The Arctic is an important part of Canada's identity, and WWF supports its healthy future.
Arctic states failing to protect nature from dangers of shipping
Industrial pressures in the Arctic will only increase due to climate changeRead more
How we work
WWF supported a project to collect rare drone footage of bowhead, one of Canada’s largest and longest-lived marine mammals.
Planning a future for the Last Ice Area
WWF is looking at the future management of the "Last Ice Area", the place where summer sea ice is projected to persist longest.
In the community of Arviat, WWF supports a polar bear patrol and pilot projects with food storage containers, solar-powered electric fencing and diversionary feeding stations.
WWF is advocating for renewable energy, and piloting renewable solutions with some Arctic communities.
Working with northern communities in the Arctic by providing resources and expertise to ensure that community viewpoints on conservation issues are heard in decision-making processes impacting caribou habitat.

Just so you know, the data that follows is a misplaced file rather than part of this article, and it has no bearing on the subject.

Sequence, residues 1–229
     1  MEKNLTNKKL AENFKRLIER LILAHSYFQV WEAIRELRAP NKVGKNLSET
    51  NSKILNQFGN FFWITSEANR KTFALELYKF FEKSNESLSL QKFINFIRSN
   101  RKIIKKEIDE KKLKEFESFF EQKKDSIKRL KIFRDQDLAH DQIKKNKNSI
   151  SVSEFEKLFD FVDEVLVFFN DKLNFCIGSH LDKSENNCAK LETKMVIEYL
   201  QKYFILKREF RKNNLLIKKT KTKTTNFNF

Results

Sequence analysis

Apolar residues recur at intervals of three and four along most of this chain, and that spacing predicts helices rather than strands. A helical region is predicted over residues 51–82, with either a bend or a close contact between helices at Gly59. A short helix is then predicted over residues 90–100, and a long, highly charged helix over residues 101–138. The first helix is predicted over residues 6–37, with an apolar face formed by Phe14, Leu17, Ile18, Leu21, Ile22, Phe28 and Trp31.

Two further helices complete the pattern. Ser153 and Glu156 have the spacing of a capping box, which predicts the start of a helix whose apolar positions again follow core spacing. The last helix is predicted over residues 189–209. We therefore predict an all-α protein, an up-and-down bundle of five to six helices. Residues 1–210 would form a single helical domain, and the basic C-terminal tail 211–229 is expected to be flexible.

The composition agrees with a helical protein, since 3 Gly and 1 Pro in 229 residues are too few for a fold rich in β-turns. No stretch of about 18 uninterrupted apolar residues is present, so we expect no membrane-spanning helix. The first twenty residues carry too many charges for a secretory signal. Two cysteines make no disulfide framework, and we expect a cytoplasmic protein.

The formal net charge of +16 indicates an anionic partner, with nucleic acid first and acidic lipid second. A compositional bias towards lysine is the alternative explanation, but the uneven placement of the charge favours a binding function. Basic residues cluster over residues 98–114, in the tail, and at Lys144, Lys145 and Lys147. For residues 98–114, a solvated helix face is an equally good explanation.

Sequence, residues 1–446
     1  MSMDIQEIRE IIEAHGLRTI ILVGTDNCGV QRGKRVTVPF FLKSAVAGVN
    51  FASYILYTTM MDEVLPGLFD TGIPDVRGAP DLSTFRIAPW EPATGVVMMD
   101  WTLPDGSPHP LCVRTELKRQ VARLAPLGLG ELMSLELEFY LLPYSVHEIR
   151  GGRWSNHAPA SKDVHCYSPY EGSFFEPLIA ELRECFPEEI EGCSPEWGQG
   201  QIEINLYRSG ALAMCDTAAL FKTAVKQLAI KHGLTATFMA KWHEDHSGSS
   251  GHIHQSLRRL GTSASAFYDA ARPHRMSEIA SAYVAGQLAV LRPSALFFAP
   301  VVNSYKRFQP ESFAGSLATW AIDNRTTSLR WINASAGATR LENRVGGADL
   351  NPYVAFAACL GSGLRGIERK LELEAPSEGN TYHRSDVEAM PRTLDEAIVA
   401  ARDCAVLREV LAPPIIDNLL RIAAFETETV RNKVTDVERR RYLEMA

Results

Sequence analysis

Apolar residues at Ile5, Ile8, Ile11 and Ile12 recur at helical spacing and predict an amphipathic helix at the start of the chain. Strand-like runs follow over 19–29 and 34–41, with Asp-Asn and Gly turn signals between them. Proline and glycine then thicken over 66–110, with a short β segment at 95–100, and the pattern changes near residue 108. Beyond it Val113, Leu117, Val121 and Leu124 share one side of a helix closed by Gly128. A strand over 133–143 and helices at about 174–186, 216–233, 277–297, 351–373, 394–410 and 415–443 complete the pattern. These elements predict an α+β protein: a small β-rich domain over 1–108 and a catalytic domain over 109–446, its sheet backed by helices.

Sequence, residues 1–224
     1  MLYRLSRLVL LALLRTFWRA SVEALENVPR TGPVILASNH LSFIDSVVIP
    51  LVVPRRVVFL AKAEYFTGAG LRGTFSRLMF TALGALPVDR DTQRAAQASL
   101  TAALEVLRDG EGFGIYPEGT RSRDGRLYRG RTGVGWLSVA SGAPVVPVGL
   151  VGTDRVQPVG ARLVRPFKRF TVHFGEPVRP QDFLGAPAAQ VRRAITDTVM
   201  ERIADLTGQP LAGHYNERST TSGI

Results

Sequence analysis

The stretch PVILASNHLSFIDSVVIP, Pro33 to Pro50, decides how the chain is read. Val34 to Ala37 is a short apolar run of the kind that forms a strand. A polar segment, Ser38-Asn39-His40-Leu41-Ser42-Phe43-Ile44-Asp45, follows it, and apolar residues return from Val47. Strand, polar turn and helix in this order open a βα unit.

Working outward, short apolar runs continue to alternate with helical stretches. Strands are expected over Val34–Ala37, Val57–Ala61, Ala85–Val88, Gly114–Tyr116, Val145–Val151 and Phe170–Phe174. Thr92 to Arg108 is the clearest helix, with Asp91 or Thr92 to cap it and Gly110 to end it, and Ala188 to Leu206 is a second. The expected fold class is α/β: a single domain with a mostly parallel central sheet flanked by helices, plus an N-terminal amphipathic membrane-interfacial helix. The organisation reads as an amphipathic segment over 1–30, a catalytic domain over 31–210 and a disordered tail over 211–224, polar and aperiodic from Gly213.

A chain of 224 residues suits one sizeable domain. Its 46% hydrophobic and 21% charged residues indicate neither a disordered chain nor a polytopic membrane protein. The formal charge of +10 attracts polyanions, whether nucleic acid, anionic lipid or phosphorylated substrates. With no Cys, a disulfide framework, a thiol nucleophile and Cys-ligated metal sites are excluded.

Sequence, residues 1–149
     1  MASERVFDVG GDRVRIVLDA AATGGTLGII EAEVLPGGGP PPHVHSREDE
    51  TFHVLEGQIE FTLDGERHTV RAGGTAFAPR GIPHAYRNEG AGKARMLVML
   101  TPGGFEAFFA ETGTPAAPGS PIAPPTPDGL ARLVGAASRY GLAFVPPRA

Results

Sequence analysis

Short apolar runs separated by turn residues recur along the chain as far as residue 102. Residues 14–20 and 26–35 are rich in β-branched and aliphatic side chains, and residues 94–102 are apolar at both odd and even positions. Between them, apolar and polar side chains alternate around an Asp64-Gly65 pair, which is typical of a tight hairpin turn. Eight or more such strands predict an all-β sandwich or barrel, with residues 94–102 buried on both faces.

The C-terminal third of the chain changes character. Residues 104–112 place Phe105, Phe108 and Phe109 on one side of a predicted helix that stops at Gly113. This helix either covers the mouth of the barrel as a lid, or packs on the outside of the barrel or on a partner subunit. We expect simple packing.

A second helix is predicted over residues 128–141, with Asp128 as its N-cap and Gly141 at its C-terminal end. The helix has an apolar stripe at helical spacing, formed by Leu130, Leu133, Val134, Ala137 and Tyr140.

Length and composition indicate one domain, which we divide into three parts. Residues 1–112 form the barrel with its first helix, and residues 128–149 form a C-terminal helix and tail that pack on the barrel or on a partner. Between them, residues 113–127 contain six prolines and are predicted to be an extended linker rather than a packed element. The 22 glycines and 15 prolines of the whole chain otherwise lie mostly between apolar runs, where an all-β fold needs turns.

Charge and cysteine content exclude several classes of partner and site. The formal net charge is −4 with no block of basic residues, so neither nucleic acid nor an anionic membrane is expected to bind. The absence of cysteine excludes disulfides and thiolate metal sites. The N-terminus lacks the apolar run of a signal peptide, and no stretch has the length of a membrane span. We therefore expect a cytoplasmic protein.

WWF supports polar bear surveys using an innovative mark-recapture technique that does not require tranquilising the bears.
WWF works with Students on Ice to provide high school students a first hand experience of the effects of climate change in the Arctic.
WWF has created maps and posters for Canadian ships in the Arctic to help mariners identify and avoid marine mammals.
WWF supports a multi-partner research project with local Inuit communities, fitting satellite radio-transmitters to narwhals to investigate seasonal movements, key staging and wintering habitats, dive depths and diets.
Meet the team
As climate change reduces the size and duration of summer Arctic sea ice, scientific projections show it will last the longest above Canada and Greenland. This is the Last Ice Area.
Wildlife doesn't recognize borders, and these seas shared by Canada, Russia and the United States are a perfect opportunity for Arctic collaboration.